FPL said it expects to restore essentially all of its customers in the eastern portion of Florida by the weekend and the harder-hit western portion of the state by September 22.
As the storm weakens as it heads toward Georgia, outages have leveled off or even declined at some Florida utilities, while increasing in Georgia, South Carolina and Alabama. Massive power outages crippled much of the southeast Tuesday.
Floridians who weathered the historic storm must now cope with an unprecedented loss of power: About 15 million people were without electricity across the state, the Department of Homeland Security said Tuesday. The state's emergency management officials said the storm cut power to more than 6.5 million account holders across the state as of Monday afternoon. The utility serves 1.8 million customers in the state, from the Florida panhandle south to the central part of the state.
At least five people have died at a nursing home in Hollywood, Florida, Broward County Mayor Barbara Sharief said during a press conference Wednesday morning.
Eric Silagy, the CEO of Florida Power & Light, said Irma caused the most widespread damage in the company's history. That includes a 57-year-old man struck by a tree limb during the storm in Calhoun Falls; a 54-year-old man who died in a mobile home because of carbon monoxide poisoning while a generator was running; and a man who died in a vehicle crash in Richland County. Carbon monoxide poisoning is one of the top killers as people turn to gas stoves to stay warm or use portable generators to power their refrigerators or air conditioners.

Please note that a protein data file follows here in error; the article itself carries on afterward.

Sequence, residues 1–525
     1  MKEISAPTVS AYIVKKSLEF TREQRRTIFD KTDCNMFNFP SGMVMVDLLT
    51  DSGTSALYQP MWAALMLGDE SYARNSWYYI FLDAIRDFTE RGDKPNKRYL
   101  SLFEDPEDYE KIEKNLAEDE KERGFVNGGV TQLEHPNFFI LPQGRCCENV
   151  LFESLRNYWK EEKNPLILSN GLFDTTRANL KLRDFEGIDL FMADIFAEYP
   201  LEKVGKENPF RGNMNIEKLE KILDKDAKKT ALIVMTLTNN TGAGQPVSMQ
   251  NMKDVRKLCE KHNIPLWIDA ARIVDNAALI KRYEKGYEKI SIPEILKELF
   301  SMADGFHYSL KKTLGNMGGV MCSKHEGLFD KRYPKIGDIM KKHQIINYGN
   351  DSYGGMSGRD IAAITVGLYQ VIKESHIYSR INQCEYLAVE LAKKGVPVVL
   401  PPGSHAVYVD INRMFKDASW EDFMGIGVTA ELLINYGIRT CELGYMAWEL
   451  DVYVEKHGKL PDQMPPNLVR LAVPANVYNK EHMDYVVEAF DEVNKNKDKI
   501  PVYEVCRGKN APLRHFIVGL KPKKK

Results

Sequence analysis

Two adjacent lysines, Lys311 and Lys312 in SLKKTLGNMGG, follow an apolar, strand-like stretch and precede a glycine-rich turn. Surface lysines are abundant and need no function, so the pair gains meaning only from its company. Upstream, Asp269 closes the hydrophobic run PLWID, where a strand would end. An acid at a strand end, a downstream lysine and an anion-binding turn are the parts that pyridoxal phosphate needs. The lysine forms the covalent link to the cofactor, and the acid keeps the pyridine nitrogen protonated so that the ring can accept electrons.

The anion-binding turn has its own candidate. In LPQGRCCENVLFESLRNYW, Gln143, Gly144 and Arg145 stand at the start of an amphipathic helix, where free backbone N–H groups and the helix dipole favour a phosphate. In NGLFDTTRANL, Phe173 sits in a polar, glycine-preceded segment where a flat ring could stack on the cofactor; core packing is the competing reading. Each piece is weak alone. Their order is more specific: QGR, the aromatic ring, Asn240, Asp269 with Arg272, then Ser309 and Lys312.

"This is likely to be one of the largest and most complex power restoration efforts in US history", said Tom Kuhn, president of the Edison Electric Institute, an industry trade group. Nonetheless, FPL stated it has the largest restoration workforce in us history responding to the electric power outages.
"I don't have any family members where they have power that we can go to", said Wilcox.
More than 60,000 workers from across the United States and Canada were involved in the restoration efforts, including those from the affected companies and other utilities, according to the Edison Electric Institute, an industry trade group. The St. Lucie nuclear plant took two direct hits weeks apart in 2004 from hurricanes Frances and Jeanne and also sustained no damage.